My hard drive is full of PDF patterns I've never had a go at. Most of them aren't ones I've paid full price for, but if I downloaded them I must have liked something about them (a free pattern you hate is still a pattern you hate) and it would make sense to start working through them. I'd particularly like to get to the Sew Over It patterns I harvested, and some of the other patterns from the Named book that I've been putting off because of the neckline modifications I'll need to do. I've also got a bunch of printed patterns I've never used that I'd like to either work through or get rid of.
5. I will make the swanky red ballgown.
I think not making the actual 1920s pattern was a smart move but I also think I should have a ridiculous red gown. What I specifically don't want is to end the year saying "well, I made a long red dress at one point, so that totally counts." It does NOT. I want to make something that I haven't made before, and I don't want the fabric to be doing all the heavy lifting. Usually the ballgown factor comes from the dress being big and poofy, but I don't like big poofy dresses so I need to find another way. I want this to involve me learning at least one new technique and possibly even trying embellishments. Where I find my starting point pattern for this I have NO idea, but I'm dreaming big on this one.
6. I will learn to use all the different sewing machine feet I have.
I have a box of different feet I got when I first started sewing, but I only ever really use a couple of them (standard foot, regular and invisible zip feet, walking foot, and recently buttonhole/button feet). I'd like to know that I can, should I require it, use the rest of the feet I have. I want to make sure I know what they all are and what I'm supposed to do with them, work with them until I can reliably make them to the thing they're supposed to do, and integrate the useful ones into my regular sewing. I'm sure I'll mostly continue to use the same half dozen feet, but I'm also sure that it would add to the quality of my sewing life if I were able to, say, do a nice blind stitch or rolled hem.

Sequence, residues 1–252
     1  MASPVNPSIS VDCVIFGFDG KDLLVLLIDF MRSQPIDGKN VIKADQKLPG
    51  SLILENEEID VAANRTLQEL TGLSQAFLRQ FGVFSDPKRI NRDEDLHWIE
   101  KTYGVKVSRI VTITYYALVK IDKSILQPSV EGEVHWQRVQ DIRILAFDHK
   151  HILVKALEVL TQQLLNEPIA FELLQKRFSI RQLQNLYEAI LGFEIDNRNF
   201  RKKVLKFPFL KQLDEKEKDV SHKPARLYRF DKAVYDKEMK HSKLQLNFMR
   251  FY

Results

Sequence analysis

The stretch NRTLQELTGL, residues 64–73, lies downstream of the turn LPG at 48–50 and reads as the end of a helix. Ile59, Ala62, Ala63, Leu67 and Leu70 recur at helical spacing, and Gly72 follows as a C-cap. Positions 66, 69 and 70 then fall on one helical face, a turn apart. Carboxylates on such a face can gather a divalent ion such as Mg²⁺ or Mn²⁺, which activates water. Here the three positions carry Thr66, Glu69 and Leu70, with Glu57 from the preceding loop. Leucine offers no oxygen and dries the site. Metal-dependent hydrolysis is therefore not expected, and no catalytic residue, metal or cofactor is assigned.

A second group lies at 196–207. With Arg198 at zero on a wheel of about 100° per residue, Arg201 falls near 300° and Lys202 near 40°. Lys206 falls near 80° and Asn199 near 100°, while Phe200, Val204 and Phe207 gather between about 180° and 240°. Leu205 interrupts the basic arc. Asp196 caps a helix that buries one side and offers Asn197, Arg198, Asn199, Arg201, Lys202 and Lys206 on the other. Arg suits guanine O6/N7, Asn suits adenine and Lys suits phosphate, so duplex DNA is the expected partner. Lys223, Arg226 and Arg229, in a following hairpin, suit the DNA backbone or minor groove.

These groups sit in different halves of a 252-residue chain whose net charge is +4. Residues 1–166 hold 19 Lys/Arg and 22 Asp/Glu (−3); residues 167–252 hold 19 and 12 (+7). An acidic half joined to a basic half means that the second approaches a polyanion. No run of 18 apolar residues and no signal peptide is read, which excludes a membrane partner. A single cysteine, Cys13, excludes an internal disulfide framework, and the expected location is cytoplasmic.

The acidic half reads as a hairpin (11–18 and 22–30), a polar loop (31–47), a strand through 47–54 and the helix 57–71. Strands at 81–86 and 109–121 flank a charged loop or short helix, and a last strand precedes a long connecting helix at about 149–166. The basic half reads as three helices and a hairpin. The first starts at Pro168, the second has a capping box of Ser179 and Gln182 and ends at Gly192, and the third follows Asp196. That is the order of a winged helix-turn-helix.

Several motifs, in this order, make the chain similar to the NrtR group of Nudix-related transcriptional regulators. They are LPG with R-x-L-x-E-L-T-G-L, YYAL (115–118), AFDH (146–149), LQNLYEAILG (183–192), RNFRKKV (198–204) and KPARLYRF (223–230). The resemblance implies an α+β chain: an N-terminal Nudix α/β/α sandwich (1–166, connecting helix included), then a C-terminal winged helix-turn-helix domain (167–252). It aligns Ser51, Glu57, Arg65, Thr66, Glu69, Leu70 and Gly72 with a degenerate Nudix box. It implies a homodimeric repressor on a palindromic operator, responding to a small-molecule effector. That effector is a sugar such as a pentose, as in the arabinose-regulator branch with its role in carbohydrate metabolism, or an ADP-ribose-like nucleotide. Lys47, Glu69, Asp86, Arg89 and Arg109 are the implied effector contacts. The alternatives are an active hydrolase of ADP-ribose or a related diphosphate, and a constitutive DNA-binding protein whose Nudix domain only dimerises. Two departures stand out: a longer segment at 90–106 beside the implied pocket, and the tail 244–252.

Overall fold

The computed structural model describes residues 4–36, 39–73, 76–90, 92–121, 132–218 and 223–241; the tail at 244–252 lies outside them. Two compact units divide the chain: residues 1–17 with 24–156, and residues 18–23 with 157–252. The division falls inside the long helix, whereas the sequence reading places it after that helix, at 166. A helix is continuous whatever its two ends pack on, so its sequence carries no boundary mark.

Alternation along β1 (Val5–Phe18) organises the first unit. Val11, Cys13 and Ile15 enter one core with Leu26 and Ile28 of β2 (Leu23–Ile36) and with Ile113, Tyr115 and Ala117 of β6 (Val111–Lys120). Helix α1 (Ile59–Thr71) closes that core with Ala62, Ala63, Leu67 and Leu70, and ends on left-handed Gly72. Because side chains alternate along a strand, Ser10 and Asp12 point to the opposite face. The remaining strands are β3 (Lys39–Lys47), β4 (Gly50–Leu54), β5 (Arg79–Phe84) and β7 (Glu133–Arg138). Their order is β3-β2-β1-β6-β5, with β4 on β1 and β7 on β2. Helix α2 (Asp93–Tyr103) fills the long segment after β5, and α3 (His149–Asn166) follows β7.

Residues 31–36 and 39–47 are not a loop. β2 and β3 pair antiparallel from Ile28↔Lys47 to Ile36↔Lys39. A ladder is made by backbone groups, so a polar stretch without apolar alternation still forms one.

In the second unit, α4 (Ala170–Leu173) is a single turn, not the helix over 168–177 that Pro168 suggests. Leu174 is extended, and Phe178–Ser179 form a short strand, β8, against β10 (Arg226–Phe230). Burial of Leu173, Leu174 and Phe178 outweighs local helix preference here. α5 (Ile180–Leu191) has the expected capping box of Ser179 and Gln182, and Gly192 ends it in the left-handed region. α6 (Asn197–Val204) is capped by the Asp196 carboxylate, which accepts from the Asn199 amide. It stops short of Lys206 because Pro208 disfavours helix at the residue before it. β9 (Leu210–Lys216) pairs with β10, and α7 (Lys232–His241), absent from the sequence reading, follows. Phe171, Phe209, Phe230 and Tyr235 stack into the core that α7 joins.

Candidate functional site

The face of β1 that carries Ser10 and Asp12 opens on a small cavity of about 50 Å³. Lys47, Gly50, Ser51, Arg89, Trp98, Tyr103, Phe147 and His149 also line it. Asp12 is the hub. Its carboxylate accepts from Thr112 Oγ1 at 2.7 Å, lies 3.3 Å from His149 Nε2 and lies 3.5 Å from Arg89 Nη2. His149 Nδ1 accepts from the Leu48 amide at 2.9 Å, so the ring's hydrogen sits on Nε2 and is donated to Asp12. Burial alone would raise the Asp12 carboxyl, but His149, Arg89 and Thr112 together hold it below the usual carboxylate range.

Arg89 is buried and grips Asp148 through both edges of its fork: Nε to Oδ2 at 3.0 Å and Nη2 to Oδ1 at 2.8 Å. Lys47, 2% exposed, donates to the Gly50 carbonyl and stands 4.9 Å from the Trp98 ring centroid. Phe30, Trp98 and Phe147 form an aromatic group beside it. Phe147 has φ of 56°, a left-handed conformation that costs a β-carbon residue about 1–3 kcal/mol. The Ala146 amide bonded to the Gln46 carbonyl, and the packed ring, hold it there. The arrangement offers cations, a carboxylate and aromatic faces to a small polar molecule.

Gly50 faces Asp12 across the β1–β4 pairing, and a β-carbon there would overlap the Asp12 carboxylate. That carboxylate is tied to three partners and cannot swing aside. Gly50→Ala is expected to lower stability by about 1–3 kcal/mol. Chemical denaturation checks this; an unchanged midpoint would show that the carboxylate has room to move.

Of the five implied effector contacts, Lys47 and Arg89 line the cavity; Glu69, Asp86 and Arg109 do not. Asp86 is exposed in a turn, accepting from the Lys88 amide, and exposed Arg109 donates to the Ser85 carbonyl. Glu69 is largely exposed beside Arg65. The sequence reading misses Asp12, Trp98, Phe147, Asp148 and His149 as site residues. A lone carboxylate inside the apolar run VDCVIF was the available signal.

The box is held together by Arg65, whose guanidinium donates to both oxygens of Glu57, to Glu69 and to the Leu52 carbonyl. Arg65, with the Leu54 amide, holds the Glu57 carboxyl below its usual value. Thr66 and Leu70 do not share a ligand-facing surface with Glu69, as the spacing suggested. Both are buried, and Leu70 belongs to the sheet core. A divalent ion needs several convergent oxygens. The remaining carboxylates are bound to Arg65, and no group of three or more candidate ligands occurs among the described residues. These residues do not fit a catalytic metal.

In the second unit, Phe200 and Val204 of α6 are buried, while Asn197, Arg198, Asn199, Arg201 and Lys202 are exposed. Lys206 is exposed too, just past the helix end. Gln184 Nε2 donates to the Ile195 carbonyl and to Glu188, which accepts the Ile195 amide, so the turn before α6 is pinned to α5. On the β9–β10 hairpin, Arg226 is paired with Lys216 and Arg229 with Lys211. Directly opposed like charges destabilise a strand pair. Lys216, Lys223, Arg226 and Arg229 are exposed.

7. I will wear everything I make at least twice before I post my review.
Something I've noticed over the past year is that I sometimes make something I like, get very excited, post a glowing review immediately, and then over the next few days of wear I start to notice things that make me like it less. Then several months later I'll get a blog comment that says "thanks for the review, I'm definitely going to check this out based on your recommendation!" and I worry that I've accidentally misled said commenter by not including things I discovered when wearing the item out and about. Obviously I'm not going to stick by this so rigidly that I can't post my ballgown until it's had a few trips on the 344 bus, but for everyday clothes I'm going to test run them for a week or two until I'm sure I'm able to give a complete picture.
That's a fairly well-rounded set of resolutions, I think. Fewer than I usually make, but the stash-clearing one in particular is enormous and I don't want to overwhelm myself. My hope is that 2020 is going to be a year of change and upheaval for me, where I have to work very hard whilst also protecting my health, and my sewing needs to serve that this year and not end up being an extra chore and source of guilt.
Happy 2020, everyone! Good things for all of you!